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Forum topic by Richard posted 691 days ago 585 views 0 times favorited 9 replies Add to Favorites Watch
View Richard's profile

Richard

109 posts in 2000 days


691 days ago

Topic tags/keywords: sander drill press

I am making a coffee with an odd shape. No straight lines in the top. I rough cut the top with a jigsaw and now I need to take off the last quarter inch to bring it down to final size and shape. All the curves are outside curves. I would use a router but I can’t set up any straight edges as guides and I don’t trust my jittery hands to do it free-hand. I was thinking a spindle sander would be the best rout. I have a combo disk\belt sander. I also have a small drum sander kit to put on my drill press. I am tempted to try to use what I have but was wondering about safety and putting directional pressures on tools the were not ment to be. Any thoughts would be appreciated.


9 replies so far

View Bill White's profile

Bill White

3319 posts in 2545 days


#1 posted 691 days ago

There are those who will caution about using sanding drums on a drill press because of side-loading the quill bearings. I have done it, but now have an OSS (Ridgid).
Just my thoughts.
Bill

-- bill@magraphics.us

View oluf's profile

oluf

256 posts in 1623 days


#2 posted 690 days ago

Use your sanding drums in a hand drill and keep them moving up and down as you sand. This is only if you do not have an OSS or the top is too heavy to handle on the OSS work surface.

-- Nils, So. Central MI. Wood is honest.Take the effort to understand what it has to tell you before you try to change it.

View jmos's profile

jmos

681 posts in 954 days


#3 posted 690 days ago

Spokeshaves and rasps will remove a lot of material quickly, and with a heck of a lot less dust than sanding. I would prefer to shape with them and sand for a final finish.

-- John

View rance's profile

rance

4125 posts in 1745 days


#4 posted 690 days ago

I would not be as concerned with messing up the bearings. I’d say you are more likely to have the drum work loose from the Jacobs chuck and possibly get thrown across the shop. A bearing on the lower part of the drum(at the table) would take care of that though.

And +1 to what John said. Although I’d go find a power tool version. :D

-- Backer boards, stop blocks, build oversized, and never buy a hand plane--

View Richard's profile

Richard

109 posts in 2000 days


#5 posted 690 days ago

Thanks for the reply’s everyone. My cheap side says use what I got and modify it. In the back of my mind I was wondering if there was a hand tool that was better for the job. I need to remove about a 1/4 inch from the edge of the table top that is 3/4 inch thick. Is a spoke-shave best for this application or perhaps some other plane?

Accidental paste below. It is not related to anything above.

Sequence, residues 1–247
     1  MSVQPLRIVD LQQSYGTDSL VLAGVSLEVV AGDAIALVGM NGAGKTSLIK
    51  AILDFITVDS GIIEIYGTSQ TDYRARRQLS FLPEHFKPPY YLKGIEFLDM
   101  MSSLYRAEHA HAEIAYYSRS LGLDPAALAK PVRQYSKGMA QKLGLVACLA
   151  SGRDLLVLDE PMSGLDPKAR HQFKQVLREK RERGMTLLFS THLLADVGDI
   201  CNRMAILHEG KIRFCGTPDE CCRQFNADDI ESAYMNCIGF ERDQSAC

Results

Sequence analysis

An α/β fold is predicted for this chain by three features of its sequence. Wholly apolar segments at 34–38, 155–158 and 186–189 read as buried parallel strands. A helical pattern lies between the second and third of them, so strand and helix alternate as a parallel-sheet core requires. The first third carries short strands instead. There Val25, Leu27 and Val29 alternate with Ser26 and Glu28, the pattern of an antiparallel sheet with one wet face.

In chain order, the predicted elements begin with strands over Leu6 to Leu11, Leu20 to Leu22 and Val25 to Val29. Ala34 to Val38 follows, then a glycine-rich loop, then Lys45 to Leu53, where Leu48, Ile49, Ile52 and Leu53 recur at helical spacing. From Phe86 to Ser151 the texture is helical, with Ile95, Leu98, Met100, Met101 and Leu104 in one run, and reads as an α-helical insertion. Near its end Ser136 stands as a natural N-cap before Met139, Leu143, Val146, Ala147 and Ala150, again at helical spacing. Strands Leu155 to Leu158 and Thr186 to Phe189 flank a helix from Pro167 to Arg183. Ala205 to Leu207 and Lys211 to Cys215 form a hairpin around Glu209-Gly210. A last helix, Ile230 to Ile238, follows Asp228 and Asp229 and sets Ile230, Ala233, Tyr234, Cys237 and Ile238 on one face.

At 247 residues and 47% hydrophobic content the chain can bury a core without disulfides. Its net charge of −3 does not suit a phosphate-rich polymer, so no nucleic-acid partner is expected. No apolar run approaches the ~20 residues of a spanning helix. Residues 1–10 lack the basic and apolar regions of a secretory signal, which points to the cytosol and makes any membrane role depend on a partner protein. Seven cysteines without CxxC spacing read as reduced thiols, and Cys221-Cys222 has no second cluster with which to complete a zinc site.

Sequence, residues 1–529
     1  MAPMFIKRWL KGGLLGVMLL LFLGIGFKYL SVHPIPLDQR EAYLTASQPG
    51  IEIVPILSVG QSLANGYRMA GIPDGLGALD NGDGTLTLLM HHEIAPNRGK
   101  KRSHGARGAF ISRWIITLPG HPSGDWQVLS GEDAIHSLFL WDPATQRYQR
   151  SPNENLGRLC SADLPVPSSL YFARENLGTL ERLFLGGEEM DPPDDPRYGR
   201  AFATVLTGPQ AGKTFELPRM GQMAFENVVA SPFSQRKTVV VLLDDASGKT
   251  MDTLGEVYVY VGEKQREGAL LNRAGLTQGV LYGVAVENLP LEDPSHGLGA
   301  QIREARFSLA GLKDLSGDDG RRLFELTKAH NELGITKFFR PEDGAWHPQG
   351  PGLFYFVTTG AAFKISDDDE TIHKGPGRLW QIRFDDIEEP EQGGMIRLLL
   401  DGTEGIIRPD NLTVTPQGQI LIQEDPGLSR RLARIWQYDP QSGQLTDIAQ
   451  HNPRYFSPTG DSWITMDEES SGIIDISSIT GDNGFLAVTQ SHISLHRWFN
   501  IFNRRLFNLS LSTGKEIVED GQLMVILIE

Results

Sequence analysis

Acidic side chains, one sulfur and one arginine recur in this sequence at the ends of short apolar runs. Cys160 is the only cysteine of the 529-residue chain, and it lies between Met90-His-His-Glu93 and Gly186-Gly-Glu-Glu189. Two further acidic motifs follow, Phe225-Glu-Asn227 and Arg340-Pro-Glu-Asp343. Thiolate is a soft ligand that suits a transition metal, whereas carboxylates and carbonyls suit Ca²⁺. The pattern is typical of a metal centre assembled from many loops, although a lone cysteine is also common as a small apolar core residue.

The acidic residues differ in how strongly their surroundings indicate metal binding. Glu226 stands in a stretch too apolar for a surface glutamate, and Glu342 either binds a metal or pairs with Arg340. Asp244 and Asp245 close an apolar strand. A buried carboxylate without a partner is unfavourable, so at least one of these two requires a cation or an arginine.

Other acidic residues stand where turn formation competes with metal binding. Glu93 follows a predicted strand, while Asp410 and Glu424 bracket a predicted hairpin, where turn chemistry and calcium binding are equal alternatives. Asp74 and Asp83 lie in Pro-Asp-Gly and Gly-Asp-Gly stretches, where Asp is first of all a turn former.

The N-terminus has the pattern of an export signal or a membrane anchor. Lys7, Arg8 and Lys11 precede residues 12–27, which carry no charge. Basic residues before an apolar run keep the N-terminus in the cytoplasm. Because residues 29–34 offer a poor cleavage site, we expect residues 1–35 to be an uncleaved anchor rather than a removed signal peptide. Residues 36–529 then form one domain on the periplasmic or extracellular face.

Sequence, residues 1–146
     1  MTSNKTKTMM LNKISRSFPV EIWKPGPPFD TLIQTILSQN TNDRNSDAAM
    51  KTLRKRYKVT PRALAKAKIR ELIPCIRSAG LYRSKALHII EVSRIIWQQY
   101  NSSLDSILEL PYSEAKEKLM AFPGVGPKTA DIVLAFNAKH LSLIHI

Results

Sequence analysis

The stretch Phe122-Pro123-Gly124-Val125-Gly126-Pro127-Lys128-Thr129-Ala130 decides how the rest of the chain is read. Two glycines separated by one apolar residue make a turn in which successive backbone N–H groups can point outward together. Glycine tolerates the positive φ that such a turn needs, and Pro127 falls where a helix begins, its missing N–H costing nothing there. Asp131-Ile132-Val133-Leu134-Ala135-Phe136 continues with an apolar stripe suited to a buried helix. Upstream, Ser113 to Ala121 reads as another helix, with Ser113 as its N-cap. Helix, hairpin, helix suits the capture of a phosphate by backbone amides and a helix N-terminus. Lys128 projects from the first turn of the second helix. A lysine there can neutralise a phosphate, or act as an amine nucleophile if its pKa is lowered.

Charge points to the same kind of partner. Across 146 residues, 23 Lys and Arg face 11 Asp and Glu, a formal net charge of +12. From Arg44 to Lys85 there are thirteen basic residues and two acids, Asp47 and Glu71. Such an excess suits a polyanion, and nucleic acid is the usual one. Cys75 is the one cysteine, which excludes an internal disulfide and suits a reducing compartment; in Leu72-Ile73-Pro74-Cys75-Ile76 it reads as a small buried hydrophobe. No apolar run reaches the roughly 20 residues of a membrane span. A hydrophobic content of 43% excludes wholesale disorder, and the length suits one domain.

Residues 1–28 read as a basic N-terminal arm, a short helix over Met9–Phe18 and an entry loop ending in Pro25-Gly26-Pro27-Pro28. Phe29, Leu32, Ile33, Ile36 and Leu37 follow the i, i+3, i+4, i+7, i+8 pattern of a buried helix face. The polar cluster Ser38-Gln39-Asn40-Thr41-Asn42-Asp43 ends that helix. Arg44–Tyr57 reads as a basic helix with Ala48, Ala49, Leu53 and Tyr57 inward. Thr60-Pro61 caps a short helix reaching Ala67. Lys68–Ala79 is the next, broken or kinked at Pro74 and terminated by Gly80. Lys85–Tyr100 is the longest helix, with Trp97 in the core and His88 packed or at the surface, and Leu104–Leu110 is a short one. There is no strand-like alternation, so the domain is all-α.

View rance's profile

rance

4125 posts in 1745 days


#6 posted 690 days ago

Or a hand-held belt sander with 36 grit paper. Seriously. So why did you not get any closer than 1/4”? It would make your next process easier.

-- Backer boards, stop blocks, build oversized, and never buy a hand plane--

View Richard's profile

Richard

109 posts in 2000 days


#7 posted 690 days ago

Well it actually varies. most places are probably more like an eighth inch. I was using a jigsaw so I was worried about tear-out. Not to mention my unsteady hand.

View teejk's profile

teejk

1205 posts in 1269 days


#8 posted 690 days ago

First I would lay a strip of blue painter’s tape on the field to define the finished dimensions. Then use whatever you have to get closer (without touching the tape).

From there, any tool with a flat table perpendicular to the tool should work to get to the tape edge. I personally have problems with hand helds (belt sanders etc) in keeping perpendicular to the top. Maybe it’s just me.

View jmos's profile

jmos

681 posts in 954 days


#9 posted 690 days ago

A lot depends on the type of curve, you can use a block plane, if the blade will contact the curve as you go around (trying to avoid talking convex and concave to avoid confusion). A spokeshave will work on either type curve (there are different types of shaves, a flat base will work similar to the block plane, a curved base shave is better for an ‘inside’ curve), a rough rasp will do either type of curve and can hog off some material (follow up with finer rasps or sanding to smooth the surface left by the rasp), a drawaknife can work well too.

Card scrapers work nicely for doing some fine shaping and finishing off the edge.

If you want to go power, you can make a template out of thinner material (hardboard or thin plywood) and use a template following bit on your router. Fix the template to the work with clamps or double sided tape. If you use the same template for opposite sides of the piece it will ensure symmetry (assuming that’s what you are going for).

Yup, a belt sander with a low grit will hog some material too, but noisy and dusty.

Spindle sander will certainly work too. I lean toward other methods when I can, but if it works, and you have the tools, it’s a good option too.

-- John

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